With the U.S. administration fearing that the Israeli-Palestinian talks are on the verge of collapse, Palestinian President Mahmoud Abbas is scheduled to visit the White House on Monday for a critical meeting with U.S. President Barack Obama.
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According to senior U.S. officials, President Obama is expected to press Abbas to accept the American framework agreement as a basis for continuing the peace talks beyond the current April 29 deadline. Obama is also expected to warn Abbas that if the talks break down and he tries to take unilateral measures at the United Nations, the United States will back Israel and try to block such moves, the officials said.
There is no question we are at a pivotal time in the negotiations and in the coming weeks the parties will need to make tough choices as we pursue a framework that can serve as the basis for negotiations, one senior U.S. official told Haaretz, speaking on condition of anonymity. But neither party should let tough political decisions at this stage stand in the way of a lasting peace.
Chief Palestinian negotiator Saeb Erekat and Palestinian intelligence head Majid Faraj have been in Washington for several days to prepare the meeting with Obama. On Sunday, Abbas and Kerry held a lengthy meeting. Following the meeting with Obama, the Palestinian president and Kerry are planned to meet again.
Fatah leadership prompted Abbas to present an uncompromising hardline when meeting Obama. Rallies organized by the Fatah Youth Movement are set to be held in Ramallah and elsewhere on the West Bank on Monday calling Abbas not to capitulate under American pressure.
Abbas is expected to show up determined to reject most articles of the Kerry framework agreement during the White House meeting, particularly the call to recognize Israel as a Jewish state. He is also expected to demand that any framework document state clearly that the Palestinian capital will be in East Jerusalem, an issue the Americans have been glossing over recently.
There cannot be any more concessions on any of the core issues, youth movement leader Hassan Faraj said, adding, We will make clear to Abu Mazen [Abbas] that even at the price of the talks failing, we, members of the Palestinian people, will accept responsibility, even if it means another intifada.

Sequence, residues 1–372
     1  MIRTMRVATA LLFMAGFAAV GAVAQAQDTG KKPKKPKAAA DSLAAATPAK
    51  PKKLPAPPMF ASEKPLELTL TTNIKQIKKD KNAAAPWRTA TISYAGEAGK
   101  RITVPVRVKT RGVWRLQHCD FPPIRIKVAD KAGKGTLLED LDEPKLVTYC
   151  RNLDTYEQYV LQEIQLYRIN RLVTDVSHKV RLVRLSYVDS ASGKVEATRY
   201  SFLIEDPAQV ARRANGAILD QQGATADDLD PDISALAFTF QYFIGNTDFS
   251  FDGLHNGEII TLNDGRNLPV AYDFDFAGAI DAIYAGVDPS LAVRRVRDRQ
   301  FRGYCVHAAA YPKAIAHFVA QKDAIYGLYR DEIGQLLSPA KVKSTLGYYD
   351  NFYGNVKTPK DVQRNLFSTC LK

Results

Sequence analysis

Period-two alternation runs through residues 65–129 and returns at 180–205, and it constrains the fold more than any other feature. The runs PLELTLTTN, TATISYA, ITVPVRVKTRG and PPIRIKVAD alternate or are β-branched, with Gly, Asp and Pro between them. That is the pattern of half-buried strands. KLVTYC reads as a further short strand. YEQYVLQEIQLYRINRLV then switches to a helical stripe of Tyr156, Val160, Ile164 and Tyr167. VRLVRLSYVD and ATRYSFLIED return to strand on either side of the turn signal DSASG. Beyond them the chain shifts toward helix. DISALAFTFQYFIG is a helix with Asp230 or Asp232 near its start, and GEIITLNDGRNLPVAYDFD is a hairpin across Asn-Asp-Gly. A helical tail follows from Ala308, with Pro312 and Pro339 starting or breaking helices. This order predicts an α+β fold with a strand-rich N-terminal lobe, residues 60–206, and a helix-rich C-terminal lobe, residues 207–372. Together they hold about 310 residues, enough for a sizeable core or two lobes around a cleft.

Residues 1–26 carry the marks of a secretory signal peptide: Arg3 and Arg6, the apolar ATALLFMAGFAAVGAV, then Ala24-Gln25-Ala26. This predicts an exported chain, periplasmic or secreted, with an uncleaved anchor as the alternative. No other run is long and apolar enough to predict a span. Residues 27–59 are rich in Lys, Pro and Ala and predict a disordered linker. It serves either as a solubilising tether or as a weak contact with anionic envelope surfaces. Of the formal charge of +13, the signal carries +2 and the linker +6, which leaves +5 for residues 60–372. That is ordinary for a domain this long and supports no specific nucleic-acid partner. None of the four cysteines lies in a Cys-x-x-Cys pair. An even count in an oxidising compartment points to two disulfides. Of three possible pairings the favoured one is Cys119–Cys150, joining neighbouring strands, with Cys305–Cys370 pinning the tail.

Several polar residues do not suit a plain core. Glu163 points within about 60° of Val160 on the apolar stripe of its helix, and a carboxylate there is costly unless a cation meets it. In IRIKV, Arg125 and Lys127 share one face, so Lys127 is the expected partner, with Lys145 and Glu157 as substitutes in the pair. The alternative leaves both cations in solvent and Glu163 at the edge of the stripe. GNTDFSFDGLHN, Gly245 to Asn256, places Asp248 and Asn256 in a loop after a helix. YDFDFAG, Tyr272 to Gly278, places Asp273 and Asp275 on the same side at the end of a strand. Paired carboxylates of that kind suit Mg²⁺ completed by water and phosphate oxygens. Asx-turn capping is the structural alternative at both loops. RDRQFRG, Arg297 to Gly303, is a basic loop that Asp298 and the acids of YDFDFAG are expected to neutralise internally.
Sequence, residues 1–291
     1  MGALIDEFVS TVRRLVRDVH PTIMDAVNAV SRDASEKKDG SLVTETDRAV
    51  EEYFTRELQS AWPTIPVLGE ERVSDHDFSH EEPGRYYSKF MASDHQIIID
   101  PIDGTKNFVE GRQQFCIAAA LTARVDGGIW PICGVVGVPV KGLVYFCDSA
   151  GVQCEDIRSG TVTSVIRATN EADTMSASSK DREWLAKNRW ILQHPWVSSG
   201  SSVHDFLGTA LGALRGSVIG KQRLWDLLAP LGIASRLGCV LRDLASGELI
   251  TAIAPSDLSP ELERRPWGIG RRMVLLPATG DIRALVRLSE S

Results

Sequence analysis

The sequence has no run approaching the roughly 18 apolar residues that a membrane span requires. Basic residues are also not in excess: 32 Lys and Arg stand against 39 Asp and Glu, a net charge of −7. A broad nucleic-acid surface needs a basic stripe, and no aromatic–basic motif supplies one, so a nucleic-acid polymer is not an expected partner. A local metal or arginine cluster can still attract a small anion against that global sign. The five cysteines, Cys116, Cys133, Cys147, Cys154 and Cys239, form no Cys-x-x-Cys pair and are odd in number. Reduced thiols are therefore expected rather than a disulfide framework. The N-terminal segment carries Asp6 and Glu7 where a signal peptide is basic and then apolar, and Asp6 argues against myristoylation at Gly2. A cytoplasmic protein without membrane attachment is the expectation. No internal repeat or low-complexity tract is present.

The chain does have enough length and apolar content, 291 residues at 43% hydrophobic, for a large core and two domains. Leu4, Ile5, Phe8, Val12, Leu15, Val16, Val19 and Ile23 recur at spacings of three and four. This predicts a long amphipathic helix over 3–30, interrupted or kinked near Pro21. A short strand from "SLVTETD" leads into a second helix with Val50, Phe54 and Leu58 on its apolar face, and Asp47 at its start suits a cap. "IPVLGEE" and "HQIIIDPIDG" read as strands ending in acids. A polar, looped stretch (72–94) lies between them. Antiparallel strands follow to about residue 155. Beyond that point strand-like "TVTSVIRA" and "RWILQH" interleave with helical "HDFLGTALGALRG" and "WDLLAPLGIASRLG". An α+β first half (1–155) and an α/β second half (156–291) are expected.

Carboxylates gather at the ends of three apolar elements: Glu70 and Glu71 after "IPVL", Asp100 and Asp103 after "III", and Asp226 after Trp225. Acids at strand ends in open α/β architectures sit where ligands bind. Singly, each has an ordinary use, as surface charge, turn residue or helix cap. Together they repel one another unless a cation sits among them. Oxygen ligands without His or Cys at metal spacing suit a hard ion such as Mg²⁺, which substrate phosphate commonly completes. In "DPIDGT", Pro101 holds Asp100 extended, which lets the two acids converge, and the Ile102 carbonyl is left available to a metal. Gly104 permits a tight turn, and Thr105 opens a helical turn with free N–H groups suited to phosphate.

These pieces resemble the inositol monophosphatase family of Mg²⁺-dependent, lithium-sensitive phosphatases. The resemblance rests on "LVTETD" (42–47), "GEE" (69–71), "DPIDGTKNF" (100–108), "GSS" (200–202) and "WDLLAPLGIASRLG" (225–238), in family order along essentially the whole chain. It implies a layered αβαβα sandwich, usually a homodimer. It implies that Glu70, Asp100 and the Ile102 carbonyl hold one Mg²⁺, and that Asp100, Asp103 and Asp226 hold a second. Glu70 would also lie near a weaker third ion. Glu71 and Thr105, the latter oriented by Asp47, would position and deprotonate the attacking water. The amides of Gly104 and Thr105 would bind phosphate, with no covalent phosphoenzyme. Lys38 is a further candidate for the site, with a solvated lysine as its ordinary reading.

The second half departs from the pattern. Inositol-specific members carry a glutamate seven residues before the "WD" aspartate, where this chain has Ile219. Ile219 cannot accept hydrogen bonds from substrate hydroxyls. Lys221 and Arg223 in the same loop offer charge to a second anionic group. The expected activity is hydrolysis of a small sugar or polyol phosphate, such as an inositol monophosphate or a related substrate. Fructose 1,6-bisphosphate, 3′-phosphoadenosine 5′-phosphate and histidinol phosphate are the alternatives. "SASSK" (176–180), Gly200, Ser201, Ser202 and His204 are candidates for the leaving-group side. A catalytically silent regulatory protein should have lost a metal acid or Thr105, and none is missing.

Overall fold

As the White House still strain to draft and pass a framework agreement, some Israelis and Palestinians contemplate the possibility of proceeding with negotiations even without such agreement. Israeli officials have already suggested to the Americans that talks be extended to the end of 2014, even if the a framework agreement doesn't come through. The Israelis hinted that without an extension, it would be difficult, if not impossible, to implement the fourth prisoner release, scheduled for March 28.
Palestinian officials have expressed similar sentiments. President Abbas has stated several times in the recent days that he will agree to extend talks beyond the set deadline even without a framework agreement, but will require that Israel freeze settlement construction and release Palestinian prisoners in addition to the 104 prisoners already agreed upon.
Some Palestinians, meanwhile, see the framework proposal as hopeless. The feeling among the negotiation team members is that the Americans will stop insisting on the framework agreement and a target date because of the large gaps between the two sides on almost all the core issues, said one Palestinian official.
In Ramallah some have mentioned West Bank Fatah leader Marwan Barghouti or even Ahmad Saadat, the general secretary of the Popular Front for the Liberation of Palestine, as prisoners whose release might provide Abbas with a strong tailwind to keep the talks going.
The Americans, however, are determined to pursue a framework agreement despite the large gaps between the two sides.
We recognize that this is difficult and will require compromises on all sides, said a senior American official. But achieving a framework would be a significant breakthrough for the parties and lay out the path to a final status agreement.